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No One Faces Higher Barriers to Paid Leave Than LGBTQ Workers of Color

Erin Heger

Forty percent of LGBTQ respondents of color reported their employer has LGBTQ-inclusive leave policies, while 27 percent say they are afraid to request time off to care for a loved one because it might disclose their LGBTQ identity.

As a queer Black man, Dominique Morgan knows all too well the workplace barriers LGBTQ people of color face. He’s the national director of Black and Pink, an organization supporting incarcerated LGBTQ people and the founder of Queer People of Color Nebraska.

He says he works hard to establish a workplace culture that honors workers’ needs.

Queer Black people in particular who experience hardship in ways other people don’t, who experience micro and macro aggressions at the workplace, really need to engage in what self care looks like,” Morgan said. “I think being open to that gives you the best employee when they do come to work.”

Given the lack of paid family and medical leave for workers in the United States, millions of workers face wrenching financial decisions when it comes to caring for themselves and loved ones. The challenges are especially acute for the 1.8 million LGBTQ workers of color who face disproportionately high barriers in accessing workplace leave policies, according to a new report released this week from the Human Rights Campaign (HRC) Foundation, the National Black Justice Coalition (NBJC) and the National Queer Asian Pacific Islander Alliance (NQAPIA).

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The report reveals the findings of an HRC Foundation survey of 5,433 LGBTQ people about their access to paid leave. A mere 40 percent of LGBTQ respondents of color reported their employer has LGBTQ-inclusive leave policies, compared to 49 percent of white respondents. Twenty-seven percent say they are afraid to request time off to care for a loved one because it might disclose their LGBTQ identity, compared to 16 percent of white respondents, and 44 percent of respondents of color say they are concerned about losing their job if they were to take leave, while 37 percent of white respondents said the same. 

“These results aren’t really surprising when you you consider the systems and barriers LGBTQ people of color face and especially people living in states that don’t have protections from employer discrimination,” said Ashland Johnson, HRC director of public education and research.

Twenty-eight states do not offer legal discrimination protections covering sexual orientation or gender identity, intensifying the fear LGBTQ workers encounter in workplaces, especially when it comes to requesting time off, Johnson said. LGBTQ people of color are more than twice as likely as white LGBTQ people to experience hiring bias based on their LGBTQ identities.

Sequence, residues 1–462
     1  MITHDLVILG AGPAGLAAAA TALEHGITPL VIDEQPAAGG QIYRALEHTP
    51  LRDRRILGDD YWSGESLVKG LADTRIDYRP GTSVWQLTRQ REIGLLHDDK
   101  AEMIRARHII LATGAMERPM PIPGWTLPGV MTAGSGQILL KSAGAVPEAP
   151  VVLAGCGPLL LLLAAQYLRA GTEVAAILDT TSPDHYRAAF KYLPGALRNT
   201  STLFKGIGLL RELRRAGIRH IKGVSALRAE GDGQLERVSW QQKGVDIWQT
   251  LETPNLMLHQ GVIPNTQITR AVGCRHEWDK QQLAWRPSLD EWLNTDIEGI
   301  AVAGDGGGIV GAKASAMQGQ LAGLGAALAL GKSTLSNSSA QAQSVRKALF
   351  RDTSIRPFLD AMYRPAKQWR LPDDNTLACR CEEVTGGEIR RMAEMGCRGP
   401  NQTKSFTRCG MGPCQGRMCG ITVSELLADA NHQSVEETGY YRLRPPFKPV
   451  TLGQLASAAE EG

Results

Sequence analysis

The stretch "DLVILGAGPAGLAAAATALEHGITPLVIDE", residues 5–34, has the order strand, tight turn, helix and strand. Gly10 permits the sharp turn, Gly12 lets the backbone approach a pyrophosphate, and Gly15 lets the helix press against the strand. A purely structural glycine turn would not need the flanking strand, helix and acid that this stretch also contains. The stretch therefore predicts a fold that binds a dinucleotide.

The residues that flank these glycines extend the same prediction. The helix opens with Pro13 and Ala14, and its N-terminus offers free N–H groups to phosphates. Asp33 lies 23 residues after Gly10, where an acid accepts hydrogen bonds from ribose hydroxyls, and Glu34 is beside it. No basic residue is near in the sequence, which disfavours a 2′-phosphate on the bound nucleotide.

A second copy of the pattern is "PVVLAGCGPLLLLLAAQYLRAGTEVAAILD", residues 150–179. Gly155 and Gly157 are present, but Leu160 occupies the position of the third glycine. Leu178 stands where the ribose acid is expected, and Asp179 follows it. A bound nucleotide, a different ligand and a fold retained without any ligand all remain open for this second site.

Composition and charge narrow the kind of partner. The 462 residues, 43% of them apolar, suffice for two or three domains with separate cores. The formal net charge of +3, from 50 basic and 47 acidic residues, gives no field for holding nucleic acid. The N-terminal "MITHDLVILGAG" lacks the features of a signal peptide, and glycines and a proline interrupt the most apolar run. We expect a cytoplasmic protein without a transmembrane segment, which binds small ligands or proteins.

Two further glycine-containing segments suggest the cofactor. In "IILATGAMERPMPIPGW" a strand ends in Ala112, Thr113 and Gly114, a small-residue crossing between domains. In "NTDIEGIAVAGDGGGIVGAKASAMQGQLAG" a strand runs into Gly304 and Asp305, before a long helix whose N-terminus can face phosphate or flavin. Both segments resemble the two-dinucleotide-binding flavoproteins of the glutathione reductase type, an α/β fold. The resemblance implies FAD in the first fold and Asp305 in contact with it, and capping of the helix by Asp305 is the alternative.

“We live in a heteronormative binary society. We have to assimilate to how queerness looks in the workplace and to what professionalism looks like in the workplace and you have to do that from the white, straight perspective,” Morgan said. “So you are doubly trying to fit in. Doubly trying to be seen as a viable candidate for a raise or promotion, and in addition you want to be the person they see as the absolute best so you never want to take time off.”

Even without the fear of retaliation, the issue of having access to paid leave is a substantial barrier for LGBTQ people of color, with only 36 percent reporting having access to paid parental leave after the birth or adoption of a child. For those without access to paid leave, 71 percent of respondents of color said taking time off work without pay would be impossible given their financial situation, including 78 percent of Latinx respondents.

Johnson said financial concerns about taking unpaid leave are magnified for LGBTQ workers of color considering unemployment and poverty rates are higher among LGBTQ people of color than both their non-LGBTQ and white LGBTQ counterparts.

While ensuring workplace leave policies include LGBTQ workers and their families is a necessary step, Johnson said policymakers should examine the workplace disparities that exist at intersections of race, gender identity, and sexual orientation in pursing nationwide paid leave benefits.

“We need to ensure that policies don’t exclude LGBTQ people, but we also need a more holistic approach that looks at the inner workings of these policies and how we alleviate barriers and provide protections across the board,” Johnson said.

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